Found 64 article(s) for author 'Carmen Reinhart'

Explaining Inflation Inertia

Explaining Inflation Inertia. Carmen Reinhart, May 6, 2019, Opinion, “Despite central bankers’ concerted efforts, credible price-stability targets have proved elusive in countries like Argentina, where inflation is soaring, and Japan, which can’t shake the specter of deflation. What can governments do to influence inflation expectations when central banks’ policies prove insufficient to the task?Link

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Risky Retirement Business

Risky Retirement Business. Carmen Reinhart, February 26, 2019, Opinion, “Regardless of whether yields in advanced economies rise, fall, or stay the same, core demographic trends are unlikely to change in the coming years, implying that pension costs will continue to balloon. Is there an asset class that can provide yield-hungry pension-fund managers what they’re looking for?Link

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The Biggest Emerging Market Debt Problem Is in America

The Biggest Emerging Market Debt Problem Is in America. Carmen Reinhart, December 20, 2018, Opinion, “A decade after the subprime bubble burst, a new one seems to be taking its place in the market for corporate collateralized loan obligations. A world economy geared toward increasing the supply of financial assets has hooked market participants and policymakers alike into a global game of Whac-A-Mole.Link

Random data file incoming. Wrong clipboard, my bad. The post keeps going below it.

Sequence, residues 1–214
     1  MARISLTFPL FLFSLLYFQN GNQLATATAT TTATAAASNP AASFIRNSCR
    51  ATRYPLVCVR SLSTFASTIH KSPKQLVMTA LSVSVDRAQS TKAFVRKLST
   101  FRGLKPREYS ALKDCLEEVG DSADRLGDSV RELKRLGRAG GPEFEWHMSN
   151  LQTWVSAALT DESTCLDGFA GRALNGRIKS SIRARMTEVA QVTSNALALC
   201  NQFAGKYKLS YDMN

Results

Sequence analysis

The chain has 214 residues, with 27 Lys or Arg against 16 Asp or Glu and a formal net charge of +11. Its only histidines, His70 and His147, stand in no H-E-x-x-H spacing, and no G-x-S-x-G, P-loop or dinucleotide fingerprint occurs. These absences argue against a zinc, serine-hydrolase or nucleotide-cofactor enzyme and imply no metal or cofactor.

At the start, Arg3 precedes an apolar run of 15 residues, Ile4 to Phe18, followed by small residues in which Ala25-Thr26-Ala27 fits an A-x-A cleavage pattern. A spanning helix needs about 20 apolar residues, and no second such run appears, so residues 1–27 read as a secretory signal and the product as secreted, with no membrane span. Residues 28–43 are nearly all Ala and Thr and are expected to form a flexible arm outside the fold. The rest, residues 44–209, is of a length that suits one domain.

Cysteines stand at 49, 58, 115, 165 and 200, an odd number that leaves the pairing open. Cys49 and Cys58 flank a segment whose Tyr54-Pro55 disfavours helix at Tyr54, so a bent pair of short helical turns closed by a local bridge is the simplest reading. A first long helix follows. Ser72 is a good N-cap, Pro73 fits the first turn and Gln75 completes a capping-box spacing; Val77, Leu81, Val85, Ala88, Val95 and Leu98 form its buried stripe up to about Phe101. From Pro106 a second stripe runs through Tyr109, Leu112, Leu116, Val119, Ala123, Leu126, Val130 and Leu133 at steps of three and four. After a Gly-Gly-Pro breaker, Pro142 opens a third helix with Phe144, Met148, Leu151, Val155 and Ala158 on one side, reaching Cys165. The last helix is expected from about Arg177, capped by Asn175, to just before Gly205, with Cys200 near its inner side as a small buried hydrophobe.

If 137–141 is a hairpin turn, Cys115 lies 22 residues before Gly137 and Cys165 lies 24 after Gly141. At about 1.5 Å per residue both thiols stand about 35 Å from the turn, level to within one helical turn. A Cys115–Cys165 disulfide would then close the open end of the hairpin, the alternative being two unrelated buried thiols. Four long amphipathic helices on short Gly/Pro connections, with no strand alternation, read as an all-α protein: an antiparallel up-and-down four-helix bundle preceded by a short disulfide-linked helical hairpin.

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The Crisis Next Time: What We Should Have Learned From 2008

The Crisis Next Time: What We Should Have Learned From 2008. Carmen Reinhart, November/December 2018, Paper, “At the turn of this century, most economists in the developed world believed that major economic disasters were a thing of the past, or at least relegated to volatile emerging markets. Financial systems in rich countries, the thinking went, were too sophisticated to simply collapse. Markets were capable of regulating themselves. Policymakers had tamed the business cycle. Recessions would remain short, shallow, and rare.Link

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Italy’s Long, Hot Summer

Italy’s Long, Hot Summer. Carmen Reinhart, May 31, 2018, Opinion, “Severe political uncertainty, chronic slow growth, and a sovereign-debt level currently hovering around 160% of GDP already is enough for Italy to trigger a debt crisis. And there is no plausible resolution that would not generate additional risks and complications.Link

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